Mr. H: Amputee Case Study

Title[edit | edit source]

Mr. H: Amputee Case Study

Abstract[edit | edit source]

This case study will focus on an elderly gentleman Mr. H, a 92yo man admitted for inpatient rehab post left AKA for critical ischaemia of the left foot. Mr. H initially was not for prosthetic rehab but during the course of his admission he made significant gains in strength and functional independence and broached the topic with the team. When considering the factors necessary for prosthetic rehab as detailed in the Physiopedia 'Assessment of the amputee' [1]resource, Mr. H met the criteria and despite the opposing factors of age and comorbidity went forward with prosthetic fitting.

Key Words[edit | edit source]

Transfemoral, elderly, pre-prosthetic, cardiac, comorbidities, equal-opportunity

Client Characteristics[edit | edit source]

Mr. H is a 92 year old retiree.

Medical diagnosis: L trans-femoral amputation due to critical ischaemia with distal tissue loss. Previous 4th and 5th toe amputations 3 months earlier with slow wound healing.

Comorbidities: Previous L 4th and 5th toe amputations, L popliteal bypass and femoral endocardectomy, hypertension, type 2 diabetes mellitus, chronic obstructive pulmonary disease, ex smoker, aortic stenosis.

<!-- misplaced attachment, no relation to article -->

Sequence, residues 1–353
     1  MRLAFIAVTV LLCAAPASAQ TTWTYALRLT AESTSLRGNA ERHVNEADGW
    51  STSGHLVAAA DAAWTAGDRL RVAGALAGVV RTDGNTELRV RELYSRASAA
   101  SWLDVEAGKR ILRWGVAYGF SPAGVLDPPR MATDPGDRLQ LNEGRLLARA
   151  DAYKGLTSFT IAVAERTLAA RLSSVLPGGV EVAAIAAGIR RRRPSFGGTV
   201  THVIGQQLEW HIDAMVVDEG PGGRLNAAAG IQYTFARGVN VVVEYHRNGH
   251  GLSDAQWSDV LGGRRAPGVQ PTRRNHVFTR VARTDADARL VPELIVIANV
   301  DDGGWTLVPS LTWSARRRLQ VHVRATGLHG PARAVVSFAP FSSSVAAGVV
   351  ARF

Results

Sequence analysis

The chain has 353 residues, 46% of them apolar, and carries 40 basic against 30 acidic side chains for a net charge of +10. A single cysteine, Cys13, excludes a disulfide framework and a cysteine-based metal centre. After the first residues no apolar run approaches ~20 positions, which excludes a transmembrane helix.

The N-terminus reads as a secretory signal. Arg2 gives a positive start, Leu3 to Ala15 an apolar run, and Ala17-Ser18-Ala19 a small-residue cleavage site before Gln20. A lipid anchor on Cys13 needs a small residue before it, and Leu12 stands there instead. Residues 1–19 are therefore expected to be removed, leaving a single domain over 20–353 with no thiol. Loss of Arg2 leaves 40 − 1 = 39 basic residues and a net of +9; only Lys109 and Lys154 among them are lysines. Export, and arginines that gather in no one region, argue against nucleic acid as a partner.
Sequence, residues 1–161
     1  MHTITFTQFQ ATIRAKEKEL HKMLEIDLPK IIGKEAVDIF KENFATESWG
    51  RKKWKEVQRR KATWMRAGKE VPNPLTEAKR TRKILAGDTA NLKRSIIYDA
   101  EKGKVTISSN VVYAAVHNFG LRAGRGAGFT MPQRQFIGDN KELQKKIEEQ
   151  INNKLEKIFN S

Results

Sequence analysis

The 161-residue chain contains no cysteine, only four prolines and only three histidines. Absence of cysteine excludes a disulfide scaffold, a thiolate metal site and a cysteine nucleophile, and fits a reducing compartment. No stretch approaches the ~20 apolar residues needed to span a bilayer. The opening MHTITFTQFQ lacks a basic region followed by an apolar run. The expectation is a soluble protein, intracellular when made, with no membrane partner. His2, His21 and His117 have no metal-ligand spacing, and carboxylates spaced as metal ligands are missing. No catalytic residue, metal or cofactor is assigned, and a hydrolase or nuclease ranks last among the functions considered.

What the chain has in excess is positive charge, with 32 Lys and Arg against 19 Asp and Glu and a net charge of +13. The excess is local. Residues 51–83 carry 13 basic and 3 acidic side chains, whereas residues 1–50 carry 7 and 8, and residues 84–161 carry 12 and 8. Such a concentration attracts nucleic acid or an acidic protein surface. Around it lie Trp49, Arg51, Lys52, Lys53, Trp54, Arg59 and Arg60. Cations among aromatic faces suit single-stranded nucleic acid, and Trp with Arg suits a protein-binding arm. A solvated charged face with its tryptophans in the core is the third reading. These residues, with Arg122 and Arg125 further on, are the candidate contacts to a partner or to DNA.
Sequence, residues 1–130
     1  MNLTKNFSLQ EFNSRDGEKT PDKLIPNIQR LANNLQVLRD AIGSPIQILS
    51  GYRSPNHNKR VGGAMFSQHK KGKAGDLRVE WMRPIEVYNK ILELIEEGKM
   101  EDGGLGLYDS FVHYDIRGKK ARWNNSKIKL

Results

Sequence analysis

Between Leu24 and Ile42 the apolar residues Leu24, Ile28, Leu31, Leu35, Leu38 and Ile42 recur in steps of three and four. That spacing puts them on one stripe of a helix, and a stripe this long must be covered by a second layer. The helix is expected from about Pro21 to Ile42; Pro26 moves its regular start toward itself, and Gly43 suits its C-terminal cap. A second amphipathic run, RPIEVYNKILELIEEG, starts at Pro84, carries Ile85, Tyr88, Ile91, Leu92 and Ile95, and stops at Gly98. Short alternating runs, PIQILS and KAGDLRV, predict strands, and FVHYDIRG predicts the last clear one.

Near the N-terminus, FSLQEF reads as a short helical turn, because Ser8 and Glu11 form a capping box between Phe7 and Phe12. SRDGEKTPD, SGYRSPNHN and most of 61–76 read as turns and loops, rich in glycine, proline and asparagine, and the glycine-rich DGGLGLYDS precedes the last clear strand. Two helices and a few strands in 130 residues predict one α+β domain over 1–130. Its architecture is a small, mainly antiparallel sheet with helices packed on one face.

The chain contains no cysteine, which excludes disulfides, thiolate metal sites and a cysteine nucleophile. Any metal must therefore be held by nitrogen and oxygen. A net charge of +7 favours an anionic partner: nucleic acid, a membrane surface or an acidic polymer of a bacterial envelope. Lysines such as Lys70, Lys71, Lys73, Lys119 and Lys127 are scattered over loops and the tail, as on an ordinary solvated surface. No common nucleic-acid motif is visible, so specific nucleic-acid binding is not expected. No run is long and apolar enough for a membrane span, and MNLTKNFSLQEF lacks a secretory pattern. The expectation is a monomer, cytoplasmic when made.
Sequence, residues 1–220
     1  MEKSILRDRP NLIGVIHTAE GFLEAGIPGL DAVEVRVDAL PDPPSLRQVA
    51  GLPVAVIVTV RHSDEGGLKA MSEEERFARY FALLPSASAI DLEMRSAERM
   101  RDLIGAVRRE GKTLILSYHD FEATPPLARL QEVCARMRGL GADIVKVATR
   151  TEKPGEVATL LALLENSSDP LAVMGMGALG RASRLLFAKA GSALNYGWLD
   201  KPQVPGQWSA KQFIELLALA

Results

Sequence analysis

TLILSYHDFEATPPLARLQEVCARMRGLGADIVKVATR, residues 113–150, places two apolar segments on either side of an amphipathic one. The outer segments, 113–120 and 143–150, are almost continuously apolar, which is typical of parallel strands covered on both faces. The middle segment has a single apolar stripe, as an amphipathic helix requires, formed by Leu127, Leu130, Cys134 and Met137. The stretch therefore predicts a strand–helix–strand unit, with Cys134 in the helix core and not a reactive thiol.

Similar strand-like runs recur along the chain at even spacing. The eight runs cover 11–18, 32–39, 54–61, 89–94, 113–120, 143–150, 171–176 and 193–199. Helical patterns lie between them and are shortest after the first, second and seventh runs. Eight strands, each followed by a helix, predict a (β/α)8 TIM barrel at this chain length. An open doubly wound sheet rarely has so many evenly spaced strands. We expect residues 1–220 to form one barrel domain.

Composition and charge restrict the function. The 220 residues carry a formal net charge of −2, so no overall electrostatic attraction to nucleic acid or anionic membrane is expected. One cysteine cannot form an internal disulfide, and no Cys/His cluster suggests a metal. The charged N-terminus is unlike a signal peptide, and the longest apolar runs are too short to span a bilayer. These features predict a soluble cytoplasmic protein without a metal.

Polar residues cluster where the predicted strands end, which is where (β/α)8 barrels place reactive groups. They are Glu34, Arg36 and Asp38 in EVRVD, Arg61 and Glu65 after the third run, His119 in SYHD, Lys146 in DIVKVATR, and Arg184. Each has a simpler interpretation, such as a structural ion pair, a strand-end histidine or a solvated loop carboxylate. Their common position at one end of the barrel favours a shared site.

Previous care/treatment: Mr. H presented to the emergency department of one of the large acute hospitals in our region with a painful, reddened L foot that he was unable to weight bear on. He was assessed by medical staff and was admitted for surgical review. Due to the acute nature of Mr. H's limb deficiency the decision to amputate was made quickly with little chance to prepare Mr. H for the reality of the amputation. Post-operatively Mr. H received standard care and his wound healed well with no complications.

Examination Findings[edit | edit source]

  • Prior to his admission to hospital, Mr. H was living alone in a unit he owned. Retiree, Scottish migrant and widower, he had 3 supportive sons. He was independent with all PADLs and received cleaning assistance and meals on wheels (meal delivery service).
  • He was independent with shopping.
  • Despite his functional independence prior to his most recent hospital admission, Mr. H had made the decision to enter residential aged care.
  • Mr. H reported his current issues to be difficulties in transferring, moving around in bed and managing daily tasks. He did not complain of any pain in his stump, phantom pain or stump sensitivity.
  • He did however report phantom sensation of his amputated foot.
  • From a psychological perspective Mr. H scored low for depressive symptoms on the patient reported health questionnaire.